HRESULT hr = charWritten > 0 ? S_OK : E_FAIL;
    
    if (SUCCEEDED(hr))
    {
        ComPtr<IShellLink> shellLink;
        hr = CoCreateInstance(CLSID_ShellLink, nullptr, CLSCTX_INPROC_SERVER, IID_PPV_ARGS(&shellLink));
 
        if (SUCCEEDED(hr))
        {
            hr = shellLink->SetPath(exePath);
            if (SUCCEEDED(hr))
            {
                ComPtr<IPropertyStore> propertyStore;
                hr = shellLink.As(&propertyStore);
                if (SUCCEEDED(hr))
                {
                    PROPVARIANT appIdPropVar;
                    hr = InitPropVariantFromString(AppId, &appIdPropVar);
                    if (SUCCEEDED(hr))
                    {
                        hr = propertyStore->SetValue(PKEY_AppUserModel_ID, appIdPropVar);
                        if (SUCCEEDED(hr))
                        {
                            PropVariantClear(&appIdPropVar);
                            appIdPropVar.vt = VT_CLSID;
                            appIdPropVar.puuid = const_cast<CLSID*>(&__uuidof(NotificationActivator));
                            hr = propertyStore->SetValue(PKEY_AppUserModel_ToastActivatorCLSID, appIdPropVar);
                            if (SUCCEEDED(hr))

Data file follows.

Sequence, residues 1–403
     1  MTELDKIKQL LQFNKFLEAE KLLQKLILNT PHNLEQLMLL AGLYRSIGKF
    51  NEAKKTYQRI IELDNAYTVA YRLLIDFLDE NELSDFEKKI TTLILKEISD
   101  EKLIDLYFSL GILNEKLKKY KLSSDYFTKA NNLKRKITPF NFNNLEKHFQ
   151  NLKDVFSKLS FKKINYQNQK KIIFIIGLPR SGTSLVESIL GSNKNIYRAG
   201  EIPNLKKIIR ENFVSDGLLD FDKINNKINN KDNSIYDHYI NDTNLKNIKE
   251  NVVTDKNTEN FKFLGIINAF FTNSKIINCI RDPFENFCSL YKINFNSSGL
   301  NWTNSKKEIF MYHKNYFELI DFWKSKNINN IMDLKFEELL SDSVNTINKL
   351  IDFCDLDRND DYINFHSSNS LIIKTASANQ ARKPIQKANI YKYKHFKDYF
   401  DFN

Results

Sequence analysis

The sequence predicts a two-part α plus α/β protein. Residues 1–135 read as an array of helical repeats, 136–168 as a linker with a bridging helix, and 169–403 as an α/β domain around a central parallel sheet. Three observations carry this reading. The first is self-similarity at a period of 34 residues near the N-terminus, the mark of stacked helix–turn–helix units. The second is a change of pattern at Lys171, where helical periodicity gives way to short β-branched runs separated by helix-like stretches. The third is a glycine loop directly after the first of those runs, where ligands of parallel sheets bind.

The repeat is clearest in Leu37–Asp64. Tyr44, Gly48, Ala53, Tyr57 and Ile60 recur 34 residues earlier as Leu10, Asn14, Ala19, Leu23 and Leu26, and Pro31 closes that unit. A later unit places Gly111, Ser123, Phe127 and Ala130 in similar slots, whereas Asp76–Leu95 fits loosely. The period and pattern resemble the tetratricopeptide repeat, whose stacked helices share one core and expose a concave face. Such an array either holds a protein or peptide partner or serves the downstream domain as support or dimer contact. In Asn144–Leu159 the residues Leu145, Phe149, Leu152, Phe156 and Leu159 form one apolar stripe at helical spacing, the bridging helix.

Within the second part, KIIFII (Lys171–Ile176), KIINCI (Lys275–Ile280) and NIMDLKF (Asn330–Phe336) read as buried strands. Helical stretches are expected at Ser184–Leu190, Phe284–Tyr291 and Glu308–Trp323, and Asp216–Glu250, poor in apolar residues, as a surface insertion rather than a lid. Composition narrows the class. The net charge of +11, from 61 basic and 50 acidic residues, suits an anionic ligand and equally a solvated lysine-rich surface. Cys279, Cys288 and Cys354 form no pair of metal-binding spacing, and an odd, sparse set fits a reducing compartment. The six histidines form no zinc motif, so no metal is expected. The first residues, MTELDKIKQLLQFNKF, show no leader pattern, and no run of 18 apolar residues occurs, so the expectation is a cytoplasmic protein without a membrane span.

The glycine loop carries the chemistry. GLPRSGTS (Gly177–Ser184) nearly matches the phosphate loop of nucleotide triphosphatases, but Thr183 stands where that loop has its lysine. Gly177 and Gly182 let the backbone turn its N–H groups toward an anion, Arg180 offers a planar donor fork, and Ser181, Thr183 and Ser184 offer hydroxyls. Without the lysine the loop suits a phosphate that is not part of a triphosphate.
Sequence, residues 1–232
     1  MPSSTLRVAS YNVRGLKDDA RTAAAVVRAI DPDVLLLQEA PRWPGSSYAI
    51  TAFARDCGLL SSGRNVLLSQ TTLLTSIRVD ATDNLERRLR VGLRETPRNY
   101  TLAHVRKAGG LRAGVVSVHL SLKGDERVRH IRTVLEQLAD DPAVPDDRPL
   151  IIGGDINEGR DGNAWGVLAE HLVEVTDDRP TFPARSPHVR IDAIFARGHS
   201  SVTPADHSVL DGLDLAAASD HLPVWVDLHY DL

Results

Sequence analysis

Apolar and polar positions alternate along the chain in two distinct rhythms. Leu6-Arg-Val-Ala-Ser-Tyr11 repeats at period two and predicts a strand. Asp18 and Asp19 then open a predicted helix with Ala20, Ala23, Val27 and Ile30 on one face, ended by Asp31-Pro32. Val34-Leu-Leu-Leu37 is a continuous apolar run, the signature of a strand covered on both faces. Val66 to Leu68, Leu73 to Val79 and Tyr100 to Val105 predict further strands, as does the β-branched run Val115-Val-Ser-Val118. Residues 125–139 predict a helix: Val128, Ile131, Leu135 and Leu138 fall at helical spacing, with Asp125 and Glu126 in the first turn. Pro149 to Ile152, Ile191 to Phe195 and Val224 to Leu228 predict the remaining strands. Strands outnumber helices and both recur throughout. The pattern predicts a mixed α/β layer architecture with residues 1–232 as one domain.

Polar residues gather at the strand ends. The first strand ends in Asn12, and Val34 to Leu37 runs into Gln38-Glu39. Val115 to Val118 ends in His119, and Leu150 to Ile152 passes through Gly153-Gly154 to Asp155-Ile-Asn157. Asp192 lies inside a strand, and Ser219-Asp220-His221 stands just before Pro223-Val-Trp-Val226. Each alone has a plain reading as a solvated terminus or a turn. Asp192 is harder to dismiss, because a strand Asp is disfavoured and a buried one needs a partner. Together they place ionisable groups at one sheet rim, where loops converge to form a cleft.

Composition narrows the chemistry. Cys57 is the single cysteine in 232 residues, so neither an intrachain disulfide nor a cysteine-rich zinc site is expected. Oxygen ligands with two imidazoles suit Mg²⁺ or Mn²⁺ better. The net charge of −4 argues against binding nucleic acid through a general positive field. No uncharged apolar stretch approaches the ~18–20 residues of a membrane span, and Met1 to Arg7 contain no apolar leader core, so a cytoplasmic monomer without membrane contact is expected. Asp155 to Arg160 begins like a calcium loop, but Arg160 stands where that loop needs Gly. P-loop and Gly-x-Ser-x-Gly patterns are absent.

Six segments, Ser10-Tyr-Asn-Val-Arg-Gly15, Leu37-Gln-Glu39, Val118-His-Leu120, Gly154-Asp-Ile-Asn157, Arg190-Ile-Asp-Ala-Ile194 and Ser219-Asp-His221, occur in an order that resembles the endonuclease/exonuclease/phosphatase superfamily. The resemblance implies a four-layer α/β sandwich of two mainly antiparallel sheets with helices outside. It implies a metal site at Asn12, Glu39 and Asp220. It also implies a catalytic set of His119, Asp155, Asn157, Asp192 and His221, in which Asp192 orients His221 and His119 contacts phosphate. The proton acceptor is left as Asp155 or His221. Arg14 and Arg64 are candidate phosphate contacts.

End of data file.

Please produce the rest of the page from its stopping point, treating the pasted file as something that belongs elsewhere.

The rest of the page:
{
                                ComPtr<IPersistFile> persistFile;
                                hr = shellLink.As(&persistFile);
                                if (SUCCEEDED(hr))
                                {
                                    hr = persistFile->Save(shortcutPath, TRUE);
                                }
                            }
                            PropVariantClear(&appIdPropVar);
                        }
                    }
                }
            }
        }
    }
    return hr;
}

Registering COM activator from Action Center to call your Win32 app

COM Interface to implement:

A Win32 component that participates with Action Center will need to create a COM component that exposes the following interface:

typedef struct _NOTIFICATION_USER_INPUT_DATA 
{
    LPCWSTR Key;
    LPCWSTR Value;
} NOTIFICATION_USER_INPUT_DATA; 

[
    object,
    uuid("53E31837-6600-4A81-9395-75CFFE746F94"),
    pointer_default(ref) 
] 
interface INotificationActivationCallback : IUnknown 
{
    HRESULT Activate(
        [in, string] LPCWSTR appUserModelId,
        [in, string] LPCWSTR arguments, // arugments from the invoked button
        [in, size_is(count), unique] const NOTIFICATION_USER_INPUT_DATA* data, // data from all the input elements in the XML
        [in] ULONG count); 
};

Here is how to tell COM how to start your app when needed:

reg add “HKEY_CURRENT_USER\SOFTWARE\Classes\CLSID\{23A5B06E-20BB-4E7E-A0AC-6982ED6A6041}\LocalServer32” /d C:\Users\micgou\Desktop\DesktopToastsSample.exe 

When your app starts, register your COM object: